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Historic Troubles

Report alleges lack of training, oversight at Tennessee Historical Commission.


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A new report found some big problems with the Tennessee Historical Commission (THC), the group that tried but failed to block Memphis from removing statues of slave owners.

An August audit by the Tennessee Comptroller of the Treasury's office found that THC members lack the legal training to properly administer the Tennessee Heritage Protection Act (THPA), the law they tried to use to block the removal of the statues.

The report said another state agency left the THC with no formal way to communicate with the media during the turbulent Memphis statue-removal process. Also, the report says THC lacks proper oversight of 14 historic sites that are in the group's care.

The now-gone statue of Nathan Bedford Forest. - JUSTIN FOX BURKS
  • Justin Fox Burks
  • The now-gone statue of Nathan Bedford Forest.

The THC is "administratively attached" to the Tennessee Department of Environment and Conservation (TDEC). While some commissioners informally asked for the assistance of TDEC lawyers through the Memphis statue-removal process, the THC failed to formally ask for the department's help, the report says.

"Without the services provided by [TDEC's] Office of General Counsel, the commission would not be able to fulfill its duties under the Heritage Protection Act," according to the audit.

New commissioners are given an introductory handbook, the audit says, which has a section about the Tennessee Heritage Protection Act. But that's about it.

"However, commission staff stated that they do not have the legal expertise to give commissioners training on legal aspects of the waiver process," reads the report.

For this, the comptroller recommends formal training for all THC members.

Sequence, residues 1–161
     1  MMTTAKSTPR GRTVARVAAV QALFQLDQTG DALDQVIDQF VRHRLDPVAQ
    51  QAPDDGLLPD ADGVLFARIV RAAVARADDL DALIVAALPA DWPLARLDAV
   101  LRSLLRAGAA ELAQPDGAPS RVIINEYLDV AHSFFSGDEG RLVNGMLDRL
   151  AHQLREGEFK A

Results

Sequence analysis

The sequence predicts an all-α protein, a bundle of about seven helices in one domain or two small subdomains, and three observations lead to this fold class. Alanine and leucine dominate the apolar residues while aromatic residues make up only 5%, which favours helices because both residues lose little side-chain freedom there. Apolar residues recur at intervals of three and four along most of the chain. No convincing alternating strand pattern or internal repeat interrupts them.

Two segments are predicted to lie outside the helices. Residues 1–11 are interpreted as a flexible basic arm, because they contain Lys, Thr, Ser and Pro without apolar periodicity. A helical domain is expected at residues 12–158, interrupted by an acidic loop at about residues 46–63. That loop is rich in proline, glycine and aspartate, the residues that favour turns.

"Members should have some training on legal aspects of their actions, as well as opportunities to ask questions about processes that are unfamiliar to them," reads the audit.

Part of the problem, according to the report, is that THC and TDEC have no formal contract to bind them. The last agreement was signed in 1987. So, THC has no standing to demand help from the department, according to the audit. This became important during the Memphis statue-removal process.

"In recent months, the commission experienced increased media attention as a result of the Tennessee Heritage Protection Act," reads the audit. "Simultaneously, [TDEC] management decided to stop providing the commission communication services, including press releases, and media handling in 2017."

The groups are working on a new, formal contract and TDEC has committed three attorneys to the THC.

Historical sites

THC contracts oversight of some historical sites to various nonprofits organizations.

The audit found none of the organizations have disaster plans for their sites. Only five of them could show proof of insurance. Only half of them have inventory lists of historic artifacts. Some that do have such lists are out of date.

"Specifically, we found that one inventory list was dated 1986 without indication of a more current list," reads the audit. "In another case, we could not determine whether the inventory list was current as it was missing the date altogether."

Without such lists, "the historic site operators do not know what they have and would not know if an item was lost."


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